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Daily Record
Daily Record
Jacob Rawley & Dayna McAlpine

Monkeypox symptoms to look out for as Scotland confirms its first case

The first case of monkeypox has been confirmed in Scotland, bringing the UK total to 57.

The person who has contracted the virus is being cared for and Public Health Scotland are working with the NHS to find the source of the infection.

People are now being asked to keep an eye out for the symptoms of monkeypox, which include unusual rashes or lesions on any part of the body.

There are other symptoms that appear earlier on, according to the NHS, including a fever, headache, muscle aches, backache, swollen lymph nodes, chills and exhaustion.

Public Health Scotland have warned that the condition could be transmitted before the rash appears, so it is important to know the early warning signs, Glasgow Live reports.

The monkeypox rash often begins on the face, then spreads to other parts of the body including the genitals.

The rash changes and goes through different stages, and can look like chickenpox or syphilis, before finally forming a scab, which later falls off.

Monkeypox can cause a rash and scabbing and is typically spread through physical touch, according to medical experts (PA)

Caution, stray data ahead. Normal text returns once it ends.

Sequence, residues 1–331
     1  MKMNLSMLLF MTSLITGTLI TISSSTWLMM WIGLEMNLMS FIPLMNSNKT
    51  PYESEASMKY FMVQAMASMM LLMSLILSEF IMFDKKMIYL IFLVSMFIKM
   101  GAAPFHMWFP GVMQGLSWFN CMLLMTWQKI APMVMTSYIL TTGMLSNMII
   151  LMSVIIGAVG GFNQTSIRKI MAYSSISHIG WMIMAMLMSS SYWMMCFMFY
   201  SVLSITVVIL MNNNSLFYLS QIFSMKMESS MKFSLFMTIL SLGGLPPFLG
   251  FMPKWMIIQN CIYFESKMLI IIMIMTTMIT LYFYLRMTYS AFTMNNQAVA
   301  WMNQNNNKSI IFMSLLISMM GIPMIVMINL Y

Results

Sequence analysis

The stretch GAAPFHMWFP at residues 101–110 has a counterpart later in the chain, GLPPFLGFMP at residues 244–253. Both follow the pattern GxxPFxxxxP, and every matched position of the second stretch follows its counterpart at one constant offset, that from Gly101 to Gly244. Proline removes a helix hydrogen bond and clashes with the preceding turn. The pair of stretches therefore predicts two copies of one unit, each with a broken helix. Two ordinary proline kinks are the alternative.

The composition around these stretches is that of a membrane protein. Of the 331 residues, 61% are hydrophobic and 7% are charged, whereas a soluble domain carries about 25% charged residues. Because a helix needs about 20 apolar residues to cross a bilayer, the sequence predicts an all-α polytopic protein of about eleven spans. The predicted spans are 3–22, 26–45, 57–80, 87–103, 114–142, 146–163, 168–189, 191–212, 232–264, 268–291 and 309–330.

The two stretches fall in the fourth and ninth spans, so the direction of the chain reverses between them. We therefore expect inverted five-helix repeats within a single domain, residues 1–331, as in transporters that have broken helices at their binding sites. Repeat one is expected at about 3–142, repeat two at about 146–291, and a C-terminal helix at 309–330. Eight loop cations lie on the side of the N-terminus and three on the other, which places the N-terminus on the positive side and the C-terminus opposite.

Monkeypox is not a sexually transmitted infection, though it can be passed on by direct contact during sex.

The NHS say that the condition typically clears in 2-4 weeks, and the WHO do not consider it to be a major health risk with a case fatality ratio of around 3-6%.

It is not airborne, so will not spread as easily as Covid-19 and Dr Nick Phin, Director of Public Health Science, said: “The overall risk to the general public is low.

“Anyone with an unusual blister-like rash or small number of blister-like sores on any part of their body, including their genital area, should avoid close contact with others and seek medical advice if they have any concerns.”

Dr Susan Hopkins of the UK Health Security Agency (UKHSA) said on the BBC's Sunday programme: "If you have a rash, immediately seek medical care, either by calling your GP or a sexual health clinic".

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